Congress' sticky wickets
Difficult or embarrassing problems or situations are the subject of today's Congress post. Ranging from independent-minded committee chairs, to problems associated with lobbying and congressional leadership issues, to pay raises, there are lots of sticky wickets.
House Judiciary Committee Chairman, John Conyers (D-Mich), has sent a subpoena to Karl Rove. Conyers wants deposition testimony on Feb. 2, according to Yahoo! News,# "about the Bush administration's firing of nine U.S. attorneys and its prosecution of a former Democratic governor," Don Seigelman. "Moving forward" has been the philisophical view preferred by President Obama, as well as the House and Senate leadership. "Accountability" is the view adopted by Representative Conyers.
Robert Gates' choice on the line -- William Lynn's nomination to be Deputy Secretary of Defense and CEO of the DoD is being held up by the Senate Armed Services Committee, pending the issuance of a lobbying rules waiver by the White House. Chairman Carl Levin (D-Mich) expressed concerns. To quote from the Congressional Quarterly story:
A Senate panel’s vote on the nomination of William Lynn to become deputy Defense secretary is on hold pending White House details on how to exempt him from new lobbying rules.
The nomination of Lynn, who lobbied for defense contractor Raytheon Co. into 2008, has come under fire because his recent lobbying work violates the new ethics rules signed by President Obama on Jan. 21. The White House is expected to issue a waiver for Lynn soon, but the details are still pending.
. . . Defense Secretary Robert M. Gates called Thursday on the Senate to confirm Lynn “as swiftly as possible” and said he urged the Obama team not to let the Raytheon connection block the Lynn nomination.
“I asked that an exception be made, because I felt that he could play the role of deputy in a better manner than anybody else that I saw,” Gates said.
Where are the earmarks -- Yahoo! News has the story of what may be happening to the President's stimulus package as the result of lobbyists' ability to skirt the earmark# ban imposed on the bill. To quote:
President Barack Obama's ban on earmarks in the $825 billion economic stimulus bill doesn't mean interest groups, lobbyists and lawmakers won't be able to funnel money to pet projects. They're just working around it — and perhaps inadvertently making the process more secretive.
. . .There are thousands of projects like those that once would have been gotten money upfront but now are left to scramble for dollars at the back end of the process as "ready to go" jobs eligible for the stimulus plan. The result, as The Associated Press learned in interviews with more than a dozen lawmakers, lobbyists and state and local officials, is a shadowy lobbying effort that may make it difficult to discern how hundreds of billions in federal money will be parceled out.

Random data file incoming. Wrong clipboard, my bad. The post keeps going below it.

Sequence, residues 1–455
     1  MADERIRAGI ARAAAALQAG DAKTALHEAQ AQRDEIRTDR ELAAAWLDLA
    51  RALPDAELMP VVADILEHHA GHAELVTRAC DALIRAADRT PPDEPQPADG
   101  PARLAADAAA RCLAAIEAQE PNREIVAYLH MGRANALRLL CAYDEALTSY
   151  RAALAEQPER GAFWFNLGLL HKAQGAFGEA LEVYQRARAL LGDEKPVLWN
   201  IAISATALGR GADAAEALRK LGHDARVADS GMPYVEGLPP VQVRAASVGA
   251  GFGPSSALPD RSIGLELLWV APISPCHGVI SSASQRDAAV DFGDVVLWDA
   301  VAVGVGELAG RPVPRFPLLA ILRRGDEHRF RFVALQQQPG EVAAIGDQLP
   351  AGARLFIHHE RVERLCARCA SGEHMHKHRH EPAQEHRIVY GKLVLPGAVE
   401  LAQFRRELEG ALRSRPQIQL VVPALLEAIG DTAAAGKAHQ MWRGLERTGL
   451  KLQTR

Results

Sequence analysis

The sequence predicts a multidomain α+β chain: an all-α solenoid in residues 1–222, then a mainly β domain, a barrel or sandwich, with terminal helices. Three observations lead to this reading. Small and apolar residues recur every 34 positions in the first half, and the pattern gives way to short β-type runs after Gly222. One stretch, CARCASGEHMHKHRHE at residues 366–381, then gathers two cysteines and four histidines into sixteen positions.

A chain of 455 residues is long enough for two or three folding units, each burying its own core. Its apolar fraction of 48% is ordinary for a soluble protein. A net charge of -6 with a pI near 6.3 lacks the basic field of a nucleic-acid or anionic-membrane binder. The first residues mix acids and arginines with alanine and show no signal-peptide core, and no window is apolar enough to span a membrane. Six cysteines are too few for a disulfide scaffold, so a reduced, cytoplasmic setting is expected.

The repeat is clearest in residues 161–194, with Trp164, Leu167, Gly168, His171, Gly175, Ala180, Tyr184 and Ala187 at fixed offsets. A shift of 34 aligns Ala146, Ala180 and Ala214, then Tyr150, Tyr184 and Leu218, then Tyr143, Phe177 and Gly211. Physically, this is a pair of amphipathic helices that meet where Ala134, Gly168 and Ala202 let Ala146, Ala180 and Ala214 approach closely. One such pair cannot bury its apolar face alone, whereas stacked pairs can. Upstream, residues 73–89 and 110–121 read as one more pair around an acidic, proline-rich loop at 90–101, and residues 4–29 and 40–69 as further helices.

. . . Obama, who campaigned promising a more transparent and accountable government, is advocating a system that will eventually let the public track exactly where stimulus money goes through an Internet-powered search engine. In addition, Democratic lawmakers have devised an elaborate oversight system, including a new board to review how the money is spent.
Pay rates increasingly frozen -- Politico reports that Congress may soon freeze its own salaries. During the past 20 years Congressional pay was frozen at various times, but has enjoyed cost of living increases in the most recent years:
. . . low congressional poll ratings and rising unemployment rates make for a toxic political mix. Plus, Obama’s call for sacrifice in his inaugural address, together with his staff pay freeze, is going to make the size of congressional paychecks fair game.
President Obama's negotiating tactics, according to the Congressional Quarterly, could put strain on the ties between Senate Minority Leader Mitch MConnell and House Minority Leader John Boehner. To quote:
A push by President Obama to cut deals in the Senate is likely to put increased stress on relations between House Minority Leader John A. Boehner and his Senate counterpart, Mitch McConnell.
While McConnell, R-Ky., quickly opened quiet talks with the new White House on a range of issues, Boehner, R-Ohio, has taken a tougher approach and has recently moved with mixed success to begin a dialog with Obama. The president met with leaders of both parties Jan. 23 and plans to discuss the stimulus with Republicans during a visit to Capitol Hill on Tuesday.
Obama’s plan is to begin his term with bipartisan legislation that could help generate momentum for his most difficult objectives — overhauls of health care and entitlements. But it remains unclear whether Obama will press for deals with Republicans in both chambers or focus instead on the Senate, where some bipartisan support will be essential.
Cleaning up the mess in Congress will take some time, if it ever happens. Right now critical economic issues are at the forefront on legislators minds. Most, if not all, of the main confirmations are over. Bipartisanship would be tested yesterday as President Obama went to the Hill to meet only with Republicans. It was fun to watch. Today the House will pass the package, but with almost no help from the Republicans.
Hat Tip Key: Regular contributors of links to leads are "betmo"* and Jon#.
(Cross-posted at South by Southwest.)